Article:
Where are you from? Jewellery and identity Jewellery

Jewellery in the Arab world is like a language. It tells you many things about the wearer, stories that unfold if you know how to read them. In this blog post, we will look at jewellery, identity and cultural contacts.

A pair of fibulas from Morocco

This is a pair of silver clothing pins or fibulas. These were used to fasten clothing: a single piece of fabric was wrapped around as an outer layer and fastened at the shoulders with these beautiful pins. This way of wearing and fastening clothing was only used in the Maghreb, so the first thing we learn when we see a woman wearing these, is that she is from Morocco, Algeria, Tunisia or Libya. Within this region, there are many distinct types of fibulas. These tell us more precisely where she is from, as every area, tribe and sometimes even town has its own style. This pair has stylized rams’ heads as its basic shape, and it is beautifully decorated with floral forms: these fibulas were once worn by a woman from one of the HaHa-tribes at the Atlantic coast of Morocco, between Essaouira and Agadir.

 

Made in Cairo, worn in in Palestine

These bracelets are called asawir melvi, or ‘plaited bracelets’. You can see where they get their name from: their main characteristic is the twisted band in the middle. These were worn in pairs by women in Cairo and the Nile Delta, but also by the Bedouin of Sinai and southern Palestine. When we see a woman wearing these, her costume and specifically her type of face veil will tell us if she is from Cairo, Sinai or southern Palestine. The bracelets have all been made in Cairo and were sold to the Bedouin by travelling merchants. This not only tells us where the wearer is from but also how far her cultural contacts extended.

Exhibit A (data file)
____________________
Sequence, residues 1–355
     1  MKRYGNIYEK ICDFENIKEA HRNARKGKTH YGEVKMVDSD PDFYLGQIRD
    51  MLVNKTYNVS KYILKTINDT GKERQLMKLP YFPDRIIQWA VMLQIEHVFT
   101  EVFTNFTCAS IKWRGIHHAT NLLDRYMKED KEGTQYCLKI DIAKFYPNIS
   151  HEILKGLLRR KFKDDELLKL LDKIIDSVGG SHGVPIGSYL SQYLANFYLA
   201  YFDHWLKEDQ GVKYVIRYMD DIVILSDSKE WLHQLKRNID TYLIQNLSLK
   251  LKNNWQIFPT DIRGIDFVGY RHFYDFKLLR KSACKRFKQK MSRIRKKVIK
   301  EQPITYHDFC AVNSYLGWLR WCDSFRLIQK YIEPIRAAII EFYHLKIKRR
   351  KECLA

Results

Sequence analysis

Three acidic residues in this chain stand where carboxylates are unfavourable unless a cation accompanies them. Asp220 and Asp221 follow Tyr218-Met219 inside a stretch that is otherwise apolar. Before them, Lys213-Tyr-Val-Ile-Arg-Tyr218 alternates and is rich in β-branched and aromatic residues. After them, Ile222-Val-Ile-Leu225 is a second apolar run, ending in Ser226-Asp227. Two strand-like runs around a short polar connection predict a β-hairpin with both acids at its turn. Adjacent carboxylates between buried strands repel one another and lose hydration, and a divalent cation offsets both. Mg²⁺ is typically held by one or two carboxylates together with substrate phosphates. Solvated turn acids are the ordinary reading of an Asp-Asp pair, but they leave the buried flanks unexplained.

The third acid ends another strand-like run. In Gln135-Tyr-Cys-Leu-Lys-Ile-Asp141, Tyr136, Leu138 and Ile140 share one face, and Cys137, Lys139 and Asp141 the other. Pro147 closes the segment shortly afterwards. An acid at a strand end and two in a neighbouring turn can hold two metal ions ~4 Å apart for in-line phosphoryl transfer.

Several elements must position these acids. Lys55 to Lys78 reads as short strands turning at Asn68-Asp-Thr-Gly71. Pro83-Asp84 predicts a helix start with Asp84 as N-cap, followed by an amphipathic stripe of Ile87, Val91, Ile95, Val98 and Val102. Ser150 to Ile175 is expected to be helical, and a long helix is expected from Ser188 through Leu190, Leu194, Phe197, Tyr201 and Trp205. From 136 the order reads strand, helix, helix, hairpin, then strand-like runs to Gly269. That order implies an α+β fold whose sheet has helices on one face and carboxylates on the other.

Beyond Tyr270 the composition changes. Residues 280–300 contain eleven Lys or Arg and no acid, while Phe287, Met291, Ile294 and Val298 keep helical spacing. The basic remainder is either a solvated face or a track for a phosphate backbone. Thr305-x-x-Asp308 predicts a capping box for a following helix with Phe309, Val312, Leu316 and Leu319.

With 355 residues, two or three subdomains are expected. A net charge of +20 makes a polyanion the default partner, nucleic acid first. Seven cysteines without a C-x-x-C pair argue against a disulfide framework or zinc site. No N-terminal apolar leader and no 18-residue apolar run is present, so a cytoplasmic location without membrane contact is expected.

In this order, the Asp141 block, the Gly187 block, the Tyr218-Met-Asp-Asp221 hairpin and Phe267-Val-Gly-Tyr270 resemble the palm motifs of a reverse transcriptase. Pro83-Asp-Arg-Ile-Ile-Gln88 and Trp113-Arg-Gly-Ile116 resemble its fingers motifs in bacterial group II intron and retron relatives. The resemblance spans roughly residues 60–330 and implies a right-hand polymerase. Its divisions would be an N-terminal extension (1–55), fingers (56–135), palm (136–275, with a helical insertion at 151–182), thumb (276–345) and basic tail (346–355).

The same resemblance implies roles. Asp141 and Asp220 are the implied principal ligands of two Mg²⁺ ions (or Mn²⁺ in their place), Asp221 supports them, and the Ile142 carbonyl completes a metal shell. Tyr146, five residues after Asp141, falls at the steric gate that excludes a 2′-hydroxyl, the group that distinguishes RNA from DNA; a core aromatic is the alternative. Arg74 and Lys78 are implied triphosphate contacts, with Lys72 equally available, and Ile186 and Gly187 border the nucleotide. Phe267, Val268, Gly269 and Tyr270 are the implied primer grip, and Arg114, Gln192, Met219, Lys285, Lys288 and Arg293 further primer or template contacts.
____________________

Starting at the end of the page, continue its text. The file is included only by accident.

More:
Close neighbours

These two rings are very characteristic of two countries that have been close neighbours for centuries: Yemen and Ethiopia. Although they are separated by water, they are close enough to have traded since Antiquity. This cultural proximity is visible in jewellery as well. Rings like these are worn on both sides of the sea, in both the coastal areas of Yemen and Ethiopia. It is very difficult, if not impossible, to discern from which country each ring is. An excellent example of how jewellery and dress together form a unique combination that tells us about shared heritage and cultural contacts!

 

Where can I read more?

There are many books about jewellery. A few suggestions to enjoy about jewellery and identity are:

  • Silver Treasures from the Land of Sheba, by Marjorie Ransom: a beautiful book detailing regional Yemeni styles of jewellery. Published by AUC Press, Cairo
  • Enchanted Jewelry of Egypt: the traditional art and craft, by Azza Fahmy: a beautiful book, detailing regional Egyptian styles of jewellery. Published by AUC Press, Cairo
  • Bijoux du Maroc, by Marie-José Rabaté: two well-illustrated volumes dedicated to the jewellery from Morocco. Published by Edisud
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